It was definitely the expenses scandal and the lobbying sting – where he boosted of using the connections he had formed as a defense scereary for pecuniary gain – that cooked his goose

    Like most of the prme movers in the Iraq War he got off relatively unscathed

    Despite the fairly bitter campaign, good things were expected of Gloria de Piero as an MP. Apart from one appearance on Question Time, shortly after the election, I haven’t heard anything about her since

  28. In the short term he got off relatively unscathed from Iraq, but who knows what future investigations will bring. It’s not beyond the realms of possibility that rendition and alleged collusion in torture will lead to future charges against Blair, Straw, Hoon, Beckett and/or David Miliband. Certainly I believe history will increasingly blacken their names.

    However Ashfield is not the kind of seat where Labour voters were much bothered by Iraq. However they were extremely upset by the expenses and lobbying scandals Hoon was implicated in.

    Your assessment of Mrs de Piero is widely shared by her electorate.

  29. Joe’s statement about Hampstead & Kilburn – Claiming Hampstead and Kilburn is moving away from the tories demographically is laughable. – is absolutely correct. A generation ago Labour was competitive in areas which are now solidly Tory in the constituency.

  30. “Whilst this is one seat I hope Labour do hang onto in 2015 – although for entirely non-political reasons– recent history suggests it might be tougher than they think”

    Do the “entirely non-political reasons” refer to your hope of Labour hanging here or to the reasons why you think it will be harder?

    Actually, I got a bit lost…the “here” here is Itchen, Hampstead or Alshfied?

  31. ‘Do the “entirely non-political reasons” refer to your hope of Labour hanging here or to the reasons why you think it will be harder?’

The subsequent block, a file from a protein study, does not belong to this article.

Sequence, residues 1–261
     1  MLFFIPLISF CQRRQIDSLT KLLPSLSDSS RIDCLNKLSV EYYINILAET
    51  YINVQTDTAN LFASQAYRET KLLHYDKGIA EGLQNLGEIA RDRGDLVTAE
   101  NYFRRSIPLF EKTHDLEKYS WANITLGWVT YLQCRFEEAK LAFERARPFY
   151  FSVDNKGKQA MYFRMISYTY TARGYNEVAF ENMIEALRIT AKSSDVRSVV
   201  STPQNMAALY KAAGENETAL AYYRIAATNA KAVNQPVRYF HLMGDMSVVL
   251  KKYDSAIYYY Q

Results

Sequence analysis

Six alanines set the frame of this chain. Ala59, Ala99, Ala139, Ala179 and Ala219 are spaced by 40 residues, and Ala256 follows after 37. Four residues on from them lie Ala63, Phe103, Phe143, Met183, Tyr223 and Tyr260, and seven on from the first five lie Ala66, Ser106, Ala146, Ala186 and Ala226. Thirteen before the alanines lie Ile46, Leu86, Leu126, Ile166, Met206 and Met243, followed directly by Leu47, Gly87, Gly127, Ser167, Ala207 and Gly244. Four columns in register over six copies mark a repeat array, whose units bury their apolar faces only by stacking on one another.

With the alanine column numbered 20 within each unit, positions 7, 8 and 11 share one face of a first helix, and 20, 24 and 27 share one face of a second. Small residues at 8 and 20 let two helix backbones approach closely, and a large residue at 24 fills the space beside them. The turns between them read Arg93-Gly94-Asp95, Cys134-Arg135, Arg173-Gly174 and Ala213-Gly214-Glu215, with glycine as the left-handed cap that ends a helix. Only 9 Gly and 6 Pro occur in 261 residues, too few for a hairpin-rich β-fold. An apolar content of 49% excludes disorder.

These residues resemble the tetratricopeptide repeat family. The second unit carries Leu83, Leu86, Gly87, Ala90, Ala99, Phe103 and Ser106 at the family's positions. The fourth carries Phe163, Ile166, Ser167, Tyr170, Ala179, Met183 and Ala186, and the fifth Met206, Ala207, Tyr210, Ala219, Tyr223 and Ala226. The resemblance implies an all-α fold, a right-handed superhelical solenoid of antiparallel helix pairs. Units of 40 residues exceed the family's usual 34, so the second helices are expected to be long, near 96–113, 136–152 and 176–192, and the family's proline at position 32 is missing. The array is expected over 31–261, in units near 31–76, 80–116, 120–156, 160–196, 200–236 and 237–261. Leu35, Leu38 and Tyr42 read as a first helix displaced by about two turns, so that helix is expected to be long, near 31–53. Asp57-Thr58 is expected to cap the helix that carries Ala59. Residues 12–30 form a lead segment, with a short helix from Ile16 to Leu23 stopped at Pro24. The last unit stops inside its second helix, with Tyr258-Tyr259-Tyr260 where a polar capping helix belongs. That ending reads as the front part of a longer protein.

They refer to the fact that I incorrectly thought Rowena Davies had been adopted as Labour’s candidate for Itchen.

    I’d never heard of her until she started appearing on Andrew Neil’s Sunday Politics panel

    I don’t know whether she was made up or whatever, but whenever she was on Sunday Politics she used to look extremely nice and whilst times are changing – the 2010 intake was actually better in this respect than any previous intakes i can remember – it’s not right that in the UK being an attractive woman and being involved in politics seem to be mutually exclusive

  32. Thanks for the clarification, Tim.

    Yes, Rowenna Davies is just one of the applicants here. In contrast with De Piero in Ashfield, this is not a late selection with shortlisting in NEC hands. So she will have to beat local contenders to get the nomination. As Matt previously mentioned, Sarah Bogle is probably the early favourite. She’s in the Cabinet and she’s supported by the council leader.

  33. I wonder why she chose to go for a seat in Southampton – given she’s from labour-leaning london

    I was surprised Denham only sneaked back last time as i thought he had a good reputation, and this is certainly the more deprived and traditionally labour seat of the two Southampton constituencies

  34. Tim – she spent part of her childhood in Portsmouth apparently

  35. “this is certainly the more deprived and traditionally labour seat of the two Southampton constituencies”

    Yes but it is also considerably more white British than Southampton Test.

    I would expect this to be the Tories’ best out of the two seats from now on.

  36. ‘Tim – she spent part of her childhood in Portsmouth apparently’

    That will do her few favours here – those two towns are well known for their dislike of each other

  37. As someone who has lived in Southampton for five years, demographics really are key. Following EU enlargement in 2004, there has been a fundamental sea change in the make up of the population. Where once schools were closed for being undersubscribed, now there is a places crisis. The same in housing.